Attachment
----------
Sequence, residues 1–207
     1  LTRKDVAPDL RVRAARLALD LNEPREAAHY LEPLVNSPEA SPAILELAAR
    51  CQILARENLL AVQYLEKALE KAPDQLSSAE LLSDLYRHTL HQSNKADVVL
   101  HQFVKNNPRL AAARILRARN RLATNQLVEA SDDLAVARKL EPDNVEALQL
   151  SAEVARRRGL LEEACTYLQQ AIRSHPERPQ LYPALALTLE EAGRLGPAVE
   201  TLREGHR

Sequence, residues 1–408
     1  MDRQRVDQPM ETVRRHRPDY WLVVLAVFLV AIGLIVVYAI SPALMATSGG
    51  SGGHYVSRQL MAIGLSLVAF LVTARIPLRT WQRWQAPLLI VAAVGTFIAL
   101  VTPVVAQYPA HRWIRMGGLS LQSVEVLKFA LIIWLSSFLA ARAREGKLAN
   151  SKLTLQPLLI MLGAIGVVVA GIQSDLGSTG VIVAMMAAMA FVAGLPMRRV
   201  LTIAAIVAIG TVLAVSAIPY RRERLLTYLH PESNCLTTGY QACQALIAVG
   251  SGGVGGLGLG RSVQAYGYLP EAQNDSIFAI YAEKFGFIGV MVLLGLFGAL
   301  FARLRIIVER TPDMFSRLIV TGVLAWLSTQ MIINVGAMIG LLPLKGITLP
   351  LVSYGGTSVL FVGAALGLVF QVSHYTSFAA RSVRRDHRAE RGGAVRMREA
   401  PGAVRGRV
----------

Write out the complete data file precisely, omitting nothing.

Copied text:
Sequence, residues 1–207
     1  LTRKDVAPDL RVRAARLALD LNEPREAAHY LEPLVNSPEA SPAILELAAR
    51  CQILARENLL AVQYLEKALE KAPDQLSSAE LLSDLYRHTL HQSNKADVVL
   101  HQFVKNNPRL AAARILRARN RLATNQLVEA SDDLAVARKL EPDNVEALQL
   151  SAEVARRRGL LEEACTYLQQ AIRSHPERPQ LYPALALTLE EAGRLGPAVE
   201  TLREGHR

Sequence, residues 1–408
     1  MDRQRVDQPM ETVRRHRPDY WLVVLAVFLV AIGLIVVYAI SPALMATSGG
    51  SGGHYVSRQL MAIGLSLVAF LVTARIPLRT WQRWQAPLLI VAAVGTFIAL
   101  VTPVVAQYPA HRWIRMGGLS LQSVEVLKFA LIIWLSSFLA ARAREGKLAN
   151  SKLTLQPLLI MLGAIGVVVA GIQSDLGSTG VIVAMMAAMA FVAGLPMRRV
   201  LTIAAIVAIG TVLAVSAIPY RRERLLTYLH PESNCLTTGY QACQALIAVG
   251  SGGVGGLGLG RSVQAYGYLP EAQNDSIFAI YAEKFGFIGV MVLLGLFGAL
   301  FARLRIIVER TPDMFSRLIV TGVLAWLSTQ MIINVGAMIG LLPLKGITLP
   351  LVSYGGTSVL FVGAALGLVF QVSHYTSFAA RSVRRDHRAE RGGAVRMREA
   401  PGAVRGRV